The Secret Hurt of Heat

Royal Mallows.

This year it’s flowering earlier (Canna Indica)

I have dreams of accidentally snapping this off.

Jalapeños are a little droopy with the cooler weather.

Oh, don’t mind me, Dear Reader, Jack is just tired, actually, do mind me or no one will read this post! I’ve been thinking again, which is a terrible affliction that thankfully affects only very few people at any time, mostly about the surgeries pending, but also about much of a difference the diastasis recti repair and abdominoplasty made, or to flip it around, how terrible it was before the surgery. It’s been draining all these long years, Dear Reader, my weight-loss journey has been one of harsh truth and I’ve tried to use it to help as many people as I can. I’m not going anywhere else but ahead, but these are the days that I’m glad I ventured forth into a wild garden along with a big, never fat, no no, grey muzzled Labrador and started to find something of my peace. I’m not getting deep today, Dear Reader, too fatigued with hay-fever or whatever this is. Let’s just talk plants before the heatwave resumes and steals me away.

My tomato training skills are atrocious.

My saved chillies and the Peter Pepper, the smaller one is Peter.

The water is slightly clearer in the cool weather.

This has been really fun so far.

I can see where the extreme heat has damaged the plants somewhat, there are burnt patches and wilted pieces, but most seem to be relatively okay. I did find out that the Phlox, one of two, which looked off, was actually a dahlia I bought two years ago that was moved multiple times and I’m pretty sure I threw away. Must’ve gotten mixed up, it wouldn’t be the first time. Sadly my blue hydrangea is reverting because of the tap water, so I’m going to use citrus peel as an acidic mulch, which is the very reason I exclude them from the compost in too great an amount, the reverse will be beneficial here. Coffee grinds, some diluted vinegar now and again and the citrus peel should, hopefully, push the soil in a permanent acidic direction. When the rain returns I’ll use the collected water too. I can be doggedly pigheaded at times, Dear Reader. Okay, I’m off checking eBay for alpine strawberries, bit late, but with this weather, who knows?, until later.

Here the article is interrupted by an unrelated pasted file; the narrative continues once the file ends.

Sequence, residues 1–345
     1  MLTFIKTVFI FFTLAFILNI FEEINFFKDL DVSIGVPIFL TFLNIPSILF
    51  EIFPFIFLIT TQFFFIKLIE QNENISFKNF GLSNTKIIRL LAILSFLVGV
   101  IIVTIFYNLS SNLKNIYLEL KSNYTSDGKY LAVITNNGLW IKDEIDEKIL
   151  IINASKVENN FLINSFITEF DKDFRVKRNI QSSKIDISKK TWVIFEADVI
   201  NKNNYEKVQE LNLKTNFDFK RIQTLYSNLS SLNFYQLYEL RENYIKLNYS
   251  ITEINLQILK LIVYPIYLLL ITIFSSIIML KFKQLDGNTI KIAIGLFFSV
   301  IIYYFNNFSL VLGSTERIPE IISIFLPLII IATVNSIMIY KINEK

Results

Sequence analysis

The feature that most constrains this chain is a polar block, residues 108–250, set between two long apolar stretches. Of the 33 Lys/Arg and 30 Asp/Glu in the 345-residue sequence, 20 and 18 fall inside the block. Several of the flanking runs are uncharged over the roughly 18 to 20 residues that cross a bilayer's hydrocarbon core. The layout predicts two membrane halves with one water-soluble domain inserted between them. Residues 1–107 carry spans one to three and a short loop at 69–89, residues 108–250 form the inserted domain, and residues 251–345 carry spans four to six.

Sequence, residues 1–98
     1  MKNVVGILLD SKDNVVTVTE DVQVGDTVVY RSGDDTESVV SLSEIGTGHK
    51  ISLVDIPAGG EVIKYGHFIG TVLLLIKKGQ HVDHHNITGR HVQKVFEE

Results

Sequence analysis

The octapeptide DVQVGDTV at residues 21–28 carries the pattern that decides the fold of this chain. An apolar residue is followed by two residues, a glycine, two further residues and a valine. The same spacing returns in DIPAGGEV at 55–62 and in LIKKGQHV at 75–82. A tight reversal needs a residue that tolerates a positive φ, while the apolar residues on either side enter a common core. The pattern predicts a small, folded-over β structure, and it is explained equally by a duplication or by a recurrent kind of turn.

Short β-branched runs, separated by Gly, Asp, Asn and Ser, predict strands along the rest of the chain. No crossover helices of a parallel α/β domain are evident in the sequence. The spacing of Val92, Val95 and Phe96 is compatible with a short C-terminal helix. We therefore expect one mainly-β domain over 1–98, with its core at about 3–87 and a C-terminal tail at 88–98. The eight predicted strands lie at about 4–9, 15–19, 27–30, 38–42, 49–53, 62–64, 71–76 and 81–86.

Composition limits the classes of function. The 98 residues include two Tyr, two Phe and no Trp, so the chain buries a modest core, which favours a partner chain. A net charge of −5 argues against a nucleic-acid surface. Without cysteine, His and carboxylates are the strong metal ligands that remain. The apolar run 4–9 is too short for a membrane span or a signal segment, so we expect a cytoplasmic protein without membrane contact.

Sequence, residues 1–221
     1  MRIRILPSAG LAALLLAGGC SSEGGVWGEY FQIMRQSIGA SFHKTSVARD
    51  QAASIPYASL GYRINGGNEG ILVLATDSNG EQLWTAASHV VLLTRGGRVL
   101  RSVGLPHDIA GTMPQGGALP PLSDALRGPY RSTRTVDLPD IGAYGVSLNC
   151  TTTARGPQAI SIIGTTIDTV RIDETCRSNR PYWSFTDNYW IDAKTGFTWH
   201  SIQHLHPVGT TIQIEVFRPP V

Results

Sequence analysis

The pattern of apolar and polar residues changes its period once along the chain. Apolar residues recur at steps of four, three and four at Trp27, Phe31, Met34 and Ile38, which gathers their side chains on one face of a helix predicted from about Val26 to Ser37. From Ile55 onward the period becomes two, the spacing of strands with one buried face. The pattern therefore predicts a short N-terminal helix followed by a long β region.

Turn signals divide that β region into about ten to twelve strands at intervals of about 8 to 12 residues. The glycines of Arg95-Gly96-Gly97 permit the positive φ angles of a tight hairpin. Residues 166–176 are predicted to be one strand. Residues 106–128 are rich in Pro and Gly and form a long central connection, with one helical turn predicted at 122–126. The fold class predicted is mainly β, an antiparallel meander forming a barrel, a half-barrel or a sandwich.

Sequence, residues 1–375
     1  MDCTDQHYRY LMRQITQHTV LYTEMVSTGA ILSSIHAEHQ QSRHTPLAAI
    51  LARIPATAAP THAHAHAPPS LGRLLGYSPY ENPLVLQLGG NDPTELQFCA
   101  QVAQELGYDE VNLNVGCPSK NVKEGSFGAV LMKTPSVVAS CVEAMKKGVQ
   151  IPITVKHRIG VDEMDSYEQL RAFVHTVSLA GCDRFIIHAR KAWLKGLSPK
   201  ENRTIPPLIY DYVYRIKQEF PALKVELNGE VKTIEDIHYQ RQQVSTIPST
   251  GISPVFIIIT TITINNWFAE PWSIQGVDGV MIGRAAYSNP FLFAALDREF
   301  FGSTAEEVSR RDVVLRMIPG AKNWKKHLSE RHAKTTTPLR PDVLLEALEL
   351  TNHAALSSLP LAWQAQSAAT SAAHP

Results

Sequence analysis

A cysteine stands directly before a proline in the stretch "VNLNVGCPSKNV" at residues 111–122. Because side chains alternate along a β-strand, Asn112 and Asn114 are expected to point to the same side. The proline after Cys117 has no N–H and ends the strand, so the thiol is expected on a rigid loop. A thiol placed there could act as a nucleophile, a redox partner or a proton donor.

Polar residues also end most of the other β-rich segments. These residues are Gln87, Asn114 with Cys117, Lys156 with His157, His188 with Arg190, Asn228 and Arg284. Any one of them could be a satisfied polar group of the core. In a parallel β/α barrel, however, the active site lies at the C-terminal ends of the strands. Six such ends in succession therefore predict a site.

Tigernuts, well one started for friend and now I have it.

The Dahlia returns.

Oh, I have flowers on the jalapeños.

The slight break from the extreme heat is doing the squash well.

I need to get out dead-heading and weeding next week, everything is fairly neat and I’d like to keep it that way. The weeds haven’t had the same vigour as they had when they were left to their own devices. The roses are coming into another blooming session, the strawberries too by the looks of them. The yellow alpine have self seeded at random as the soil was reused from their original plantings, they’re deliciously sweet, grow easily from seed and don’ need much space. Buy some Alpine Yellow Wonder Strawberries and you won’t be disappointed, Dear Reader. Or, visit me and pick a berry or two, they flower in the first year even.